@Christine: I used a very heavy 36” MS 650 STIHL Magnum Chain Saw for the railroad tie.

-- Nico Jose; Designer/Maker &Artist www.s10-10.com

View Bluepine38's profile

Bluepine38

2876 posts in 1719 days


#7 posted 1238 days ago

Very beautiful looking lounger, and it looks very inviting, just waiting to for you to relax and enjoy it,
although at first just looking at and feeling the wood would take a high priority, but since it is designed
for eternal lovers, that still leaves plenty of time to enjoy the lounger. My beautiful lady and I have
worn out one double recliner, and I plan to keep replacing it until we no longer need it. Keeping
your lover close while you relax is an excellent way to keep love growing. Thank you for sharing, I
like the idea of no armrests, it not only looks good, but allows you to swing your legs over the side
and easily stand up.

-- As ever, Gus-the 75 yr young apprentice carpenter

View jockmike2's profile

jockmike2

10635 posts in 2880 days


#8 posted 1238 days ago

Very beautiful, nice concept.

-- (You just have to please the man in the Mirror) Mike from Michigan -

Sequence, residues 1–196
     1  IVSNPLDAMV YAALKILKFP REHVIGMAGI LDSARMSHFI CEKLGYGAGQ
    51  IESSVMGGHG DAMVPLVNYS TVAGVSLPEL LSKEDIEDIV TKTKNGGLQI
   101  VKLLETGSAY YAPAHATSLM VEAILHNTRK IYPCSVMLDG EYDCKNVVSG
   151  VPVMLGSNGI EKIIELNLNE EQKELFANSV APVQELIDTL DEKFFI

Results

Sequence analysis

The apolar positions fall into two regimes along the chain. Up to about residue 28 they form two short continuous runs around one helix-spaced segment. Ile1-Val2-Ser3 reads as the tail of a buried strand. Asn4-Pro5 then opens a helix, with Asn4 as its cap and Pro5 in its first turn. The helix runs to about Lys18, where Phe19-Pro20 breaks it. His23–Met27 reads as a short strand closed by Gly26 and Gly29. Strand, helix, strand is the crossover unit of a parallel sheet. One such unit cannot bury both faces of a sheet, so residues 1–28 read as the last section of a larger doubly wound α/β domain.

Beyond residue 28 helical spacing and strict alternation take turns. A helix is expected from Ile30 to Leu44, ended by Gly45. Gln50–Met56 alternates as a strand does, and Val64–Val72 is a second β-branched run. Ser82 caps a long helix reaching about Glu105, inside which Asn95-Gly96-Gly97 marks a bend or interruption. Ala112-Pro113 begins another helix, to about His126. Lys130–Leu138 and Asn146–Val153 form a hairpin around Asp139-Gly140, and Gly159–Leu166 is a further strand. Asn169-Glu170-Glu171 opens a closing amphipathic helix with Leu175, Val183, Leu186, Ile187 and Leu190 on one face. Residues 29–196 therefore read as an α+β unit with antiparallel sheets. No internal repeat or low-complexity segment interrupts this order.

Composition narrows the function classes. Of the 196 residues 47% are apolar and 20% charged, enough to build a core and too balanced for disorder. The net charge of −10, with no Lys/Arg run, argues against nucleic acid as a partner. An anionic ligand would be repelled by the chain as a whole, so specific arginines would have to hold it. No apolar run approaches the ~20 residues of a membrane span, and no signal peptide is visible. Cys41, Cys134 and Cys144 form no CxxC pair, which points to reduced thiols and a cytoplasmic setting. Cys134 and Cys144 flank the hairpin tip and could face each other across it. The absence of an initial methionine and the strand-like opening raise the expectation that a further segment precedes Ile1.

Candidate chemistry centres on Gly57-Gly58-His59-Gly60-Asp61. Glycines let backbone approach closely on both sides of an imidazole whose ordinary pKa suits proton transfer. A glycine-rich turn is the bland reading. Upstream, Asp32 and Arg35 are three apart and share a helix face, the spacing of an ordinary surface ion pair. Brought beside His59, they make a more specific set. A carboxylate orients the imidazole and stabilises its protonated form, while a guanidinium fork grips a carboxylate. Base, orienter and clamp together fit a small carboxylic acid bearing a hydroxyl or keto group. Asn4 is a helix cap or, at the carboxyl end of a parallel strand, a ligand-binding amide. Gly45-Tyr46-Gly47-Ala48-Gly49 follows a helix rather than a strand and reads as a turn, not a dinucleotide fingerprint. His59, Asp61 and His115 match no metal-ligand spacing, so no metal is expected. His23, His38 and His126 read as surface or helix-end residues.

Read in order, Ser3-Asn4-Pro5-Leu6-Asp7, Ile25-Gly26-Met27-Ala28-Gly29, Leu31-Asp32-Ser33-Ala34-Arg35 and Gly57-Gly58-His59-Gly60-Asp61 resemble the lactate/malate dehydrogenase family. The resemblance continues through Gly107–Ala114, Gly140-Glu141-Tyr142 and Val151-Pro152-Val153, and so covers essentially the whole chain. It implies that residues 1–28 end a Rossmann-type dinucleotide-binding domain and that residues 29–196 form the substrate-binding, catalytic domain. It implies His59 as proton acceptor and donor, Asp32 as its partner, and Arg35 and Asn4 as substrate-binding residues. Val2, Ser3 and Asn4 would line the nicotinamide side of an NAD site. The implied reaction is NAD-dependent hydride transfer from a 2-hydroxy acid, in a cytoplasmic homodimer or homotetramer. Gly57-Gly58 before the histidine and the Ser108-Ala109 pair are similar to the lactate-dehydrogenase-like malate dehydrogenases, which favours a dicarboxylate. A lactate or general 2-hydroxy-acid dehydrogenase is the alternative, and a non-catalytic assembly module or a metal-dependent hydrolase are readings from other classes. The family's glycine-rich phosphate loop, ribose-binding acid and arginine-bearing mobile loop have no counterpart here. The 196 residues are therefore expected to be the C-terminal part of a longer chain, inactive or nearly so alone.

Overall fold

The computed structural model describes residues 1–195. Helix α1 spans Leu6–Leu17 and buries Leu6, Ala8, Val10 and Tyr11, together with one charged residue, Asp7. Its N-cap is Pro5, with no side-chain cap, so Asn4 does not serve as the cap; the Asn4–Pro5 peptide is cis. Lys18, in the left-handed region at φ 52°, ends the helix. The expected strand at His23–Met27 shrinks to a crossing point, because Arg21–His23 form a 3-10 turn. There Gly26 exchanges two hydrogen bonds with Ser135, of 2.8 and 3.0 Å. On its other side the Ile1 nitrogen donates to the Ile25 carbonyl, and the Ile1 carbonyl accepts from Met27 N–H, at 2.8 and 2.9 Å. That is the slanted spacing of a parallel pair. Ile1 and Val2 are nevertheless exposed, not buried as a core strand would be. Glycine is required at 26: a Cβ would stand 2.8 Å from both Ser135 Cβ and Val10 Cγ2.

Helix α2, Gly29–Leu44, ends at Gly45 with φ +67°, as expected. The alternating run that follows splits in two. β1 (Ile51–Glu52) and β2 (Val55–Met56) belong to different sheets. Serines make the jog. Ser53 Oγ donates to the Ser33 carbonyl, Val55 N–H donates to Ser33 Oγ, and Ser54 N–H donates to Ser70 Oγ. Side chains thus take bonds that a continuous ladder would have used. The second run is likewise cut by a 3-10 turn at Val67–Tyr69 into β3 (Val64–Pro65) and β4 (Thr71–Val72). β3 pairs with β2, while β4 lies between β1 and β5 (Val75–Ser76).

View Thaqeb Alserhan's profile

Thaqeb Alserhan

87 posts in 1269 days


#9 posted 1238 days ago

View jcees's profile

jcees

946 posts in 2433 days


#10 posted 1237 days ago

Fabulous!

always,
J.C.

-- When one tugs at a single thing in nature, he finds it attached to the rest of the world. -- John Muir

View moondog69's profile

moondog69

95 posts in 1574 days


#11 posted 1236 days ago

that cool like the log work

-- al.chazy ny

View Bertha's profile

Bertha

12951 posts in 1327 days


#12 posted 1236 days ago

Not surprising coming from your shop, it’s absolutely gorgeous!

-- My dad and I built a 65 chev pick up.I killed trannys in that thing for some reason-Hog

View Manasseh's profile

Manasseh

115 posts in 1436 days


#13 posted 1236 days ago

OK, now that I have enjoyed this eye candy of a lounger, I want to make one. I just hope that I can do this justice.
Question, since I do not see any spaces in between the boards: How did you hold the form of the curved lines while assembling your lounger?

-- Someday I will be more than a sawdust wisperer

View NicoJose's profile

NicoJose

94 posts in 1255 days


#14 posted 1236 days ago

@Manasshed: There’s actually a 1/8’’ space between each board. Some boards were cut at a 85 degree angle on the table saw to make the spaces between the curves smoother.
I nailed temporary boards underneath using cheaper wood to hold the curve lines while I measure the proper spaces between each boards that I’m placing on top. I reassembled all the board on a flat surface to arrange the colors before securing it on the curve.

Thanks for all the postings guys!

-- Nico Jose; Designer/Maker &Artist www.s10-10.com

View LittlePaw's profile

LittlePaw

1571 posts in 1712 days


#15 posted 1236 days ago

Nico, I like your ideas. Good job. I’s beautiful.

-- LittlePAW - The sweetest sound in my shop, next to Mozart, is what a hand plane makes slicing a ribbon.